Special Announcement

Shirley Harrow

Shirley Caswell Harrow
September 4, 1932 - February 4, 2024

It is with a heavy heart that I announce the passing of our dear friend and USCADETNURSE.ORG FOUNDATION board member, Shirley Caswell Harrow. Shirley died on February 4, 2024, at the age of 91.

When Shirley was twelve, she saw a poster urging young women to enlist in a "Proud Profession" and "Join the U.S. Cadet Nurse Corps." She was too young to join but to become a nurse became her dream. Shirley trained at Mount Sinai Hospital School of Nursing in NYC and became a nurse in 1953. She later married and took a 15-year hiatus to raise four children. She resumed her nursing career in 1970 and earned a BA from Curry College in Milton, MA. She held many nursing positions for almost 30 years and retired in 1999.

In retirement, a providential opportunity arose. Shirley was hired by the landmark Harvard Nurses' Health Study (NHS). For the next twelve years, Shirley was a nurse interviewer for their cognitive function sub-study. It was through this work that she became acquainted with Cadet Nurses who were part of that study. One nurse spoke eloquently about the Corps and their quest for recognition for their role in preventing the collapse of America's health care system during WWII. That encounter led Shirley to another opportunity, this time to connect with the nurses of her childhood dream. Shirley's work with the NHS gave her the opportunity to speak with thousands of former U.S. Cadets throught the country. Her fascination grew, and the USCNC became her passion that continued throughout the rest of her life.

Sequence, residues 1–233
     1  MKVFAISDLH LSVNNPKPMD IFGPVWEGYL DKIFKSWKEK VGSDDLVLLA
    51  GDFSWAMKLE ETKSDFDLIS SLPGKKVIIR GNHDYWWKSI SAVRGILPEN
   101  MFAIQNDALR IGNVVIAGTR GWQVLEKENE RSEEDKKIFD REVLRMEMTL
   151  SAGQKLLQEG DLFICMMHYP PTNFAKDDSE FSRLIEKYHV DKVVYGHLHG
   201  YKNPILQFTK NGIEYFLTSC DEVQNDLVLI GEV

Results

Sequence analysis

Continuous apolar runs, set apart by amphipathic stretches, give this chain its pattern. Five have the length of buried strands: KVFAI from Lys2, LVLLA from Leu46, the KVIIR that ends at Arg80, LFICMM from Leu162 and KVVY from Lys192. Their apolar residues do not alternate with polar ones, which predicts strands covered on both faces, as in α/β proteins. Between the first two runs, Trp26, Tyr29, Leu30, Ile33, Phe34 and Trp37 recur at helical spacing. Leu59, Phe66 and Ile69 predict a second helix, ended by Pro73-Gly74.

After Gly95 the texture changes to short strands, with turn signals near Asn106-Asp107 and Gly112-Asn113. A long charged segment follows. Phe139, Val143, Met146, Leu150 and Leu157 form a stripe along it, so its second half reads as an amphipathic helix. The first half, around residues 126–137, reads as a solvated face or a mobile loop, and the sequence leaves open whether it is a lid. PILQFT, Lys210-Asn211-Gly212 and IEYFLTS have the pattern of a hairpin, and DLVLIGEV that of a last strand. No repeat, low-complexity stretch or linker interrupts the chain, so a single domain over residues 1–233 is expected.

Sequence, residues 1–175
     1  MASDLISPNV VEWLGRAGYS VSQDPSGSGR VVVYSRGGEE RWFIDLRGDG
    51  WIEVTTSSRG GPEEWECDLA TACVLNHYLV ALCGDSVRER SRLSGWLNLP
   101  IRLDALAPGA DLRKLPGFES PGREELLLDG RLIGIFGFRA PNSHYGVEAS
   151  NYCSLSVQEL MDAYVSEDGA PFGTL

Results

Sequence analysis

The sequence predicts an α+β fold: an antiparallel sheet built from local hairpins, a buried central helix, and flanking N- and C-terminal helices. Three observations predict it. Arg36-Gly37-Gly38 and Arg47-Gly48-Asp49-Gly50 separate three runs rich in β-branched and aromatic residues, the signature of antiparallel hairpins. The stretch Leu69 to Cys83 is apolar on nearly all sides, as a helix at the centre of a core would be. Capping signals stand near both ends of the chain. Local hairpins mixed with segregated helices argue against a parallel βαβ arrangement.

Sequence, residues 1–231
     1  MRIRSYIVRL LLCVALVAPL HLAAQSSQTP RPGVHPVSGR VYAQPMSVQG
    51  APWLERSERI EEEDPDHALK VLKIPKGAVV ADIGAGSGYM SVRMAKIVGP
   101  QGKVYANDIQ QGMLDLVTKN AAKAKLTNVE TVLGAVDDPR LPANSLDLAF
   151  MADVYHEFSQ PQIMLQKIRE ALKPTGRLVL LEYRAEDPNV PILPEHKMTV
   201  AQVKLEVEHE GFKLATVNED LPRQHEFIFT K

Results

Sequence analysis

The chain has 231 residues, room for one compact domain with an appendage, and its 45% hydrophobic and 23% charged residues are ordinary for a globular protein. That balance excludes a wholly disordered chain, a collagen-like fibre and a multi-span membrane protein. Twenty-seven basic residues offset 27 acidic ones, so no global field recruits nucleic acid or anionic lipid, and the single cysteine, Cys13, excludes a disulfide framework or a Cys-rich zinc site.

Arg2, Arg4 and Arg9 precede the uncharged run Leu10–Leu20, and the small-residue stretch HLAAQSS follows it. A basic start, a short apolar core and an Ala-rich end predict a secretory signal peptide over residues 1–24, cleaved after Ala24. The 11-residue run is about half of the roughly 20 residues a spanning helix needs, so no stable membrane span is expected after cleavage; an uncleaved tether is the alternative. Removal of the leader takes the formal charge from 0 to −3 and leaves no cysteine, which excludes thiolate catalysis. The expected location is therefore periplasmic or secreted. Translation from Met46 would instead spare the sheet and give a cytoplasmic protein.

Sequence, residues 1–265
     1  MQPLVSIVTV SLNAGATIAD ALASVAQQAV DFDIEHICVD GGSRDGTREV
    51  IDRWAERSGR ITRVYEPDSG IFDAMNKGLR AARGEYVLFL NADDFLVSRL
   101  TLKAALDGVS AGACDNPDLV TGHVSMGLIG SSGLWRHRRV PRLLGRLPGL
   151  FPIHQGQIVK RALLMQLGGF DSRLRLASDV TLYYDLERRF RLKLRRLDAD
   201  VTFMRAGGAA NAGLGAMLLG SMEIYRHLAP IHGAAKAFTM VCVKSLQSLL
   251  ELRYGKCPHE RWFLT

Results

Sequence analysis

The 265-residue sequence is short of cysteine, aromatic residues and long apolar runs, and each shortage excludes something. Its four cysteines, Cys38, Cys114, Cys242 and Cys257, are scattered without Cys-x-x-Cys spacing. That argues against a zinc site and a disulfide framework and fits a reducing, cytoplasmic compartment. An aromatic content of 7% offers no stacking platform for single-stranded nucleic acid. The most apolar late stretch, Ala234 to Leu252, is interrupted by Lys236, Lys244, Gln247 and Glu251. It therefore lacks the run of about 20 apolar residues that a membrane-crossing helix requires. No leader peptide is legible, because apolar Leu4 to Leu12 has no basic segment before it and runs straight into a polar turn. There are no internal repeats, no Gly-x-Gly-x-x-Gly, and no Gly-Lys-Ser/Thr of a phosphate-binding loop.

Another opportunity came in 2009, when Susan Scheible published an article about the U.S. Cadet Nurse Corps in the Patriot Ledger, a Quincy, MA, newspaper. Former Cadets from the area contacted Shirley and Ms. Scheible; Shirley spoke before the Hanover Visiting Nurses Association and more Cadets came to that presentation. Many opportunities arose to educate other groups, and Elizabeth Beecher, a former Cadet, joined Shirley to tell her story as a graduate of the U.S. Cadet Nurse Corps and her resultant nursing career.

I found Shirley through Sue Scheible's article too, while I was searching for information about the U.S. Cadet Nurse Corps and a way to honor my mother, who was also a Cadet Nurse. I called Shirley, explained myself and my mother, and ask, "How can I help?" Shirley answered, "We need a website!" and I told Shirley, "I can help with that." What followed for over a decade is a rich collaboration that led also to the establishment of the USCADETNURSE.ORG FOUNDATION with a mission to recognize Cadet Nurses, share their experiences, and preserve their history. Shirley was a founding board member.

Shirley was an advocate for not only remembering Cadet Nurses, but also for celebrating their service to our country during World War II and to the nursing profession. Her legacy lives in my heart and through every person whose life she touched. May Shirley rest in peace.

Elsie Szecsy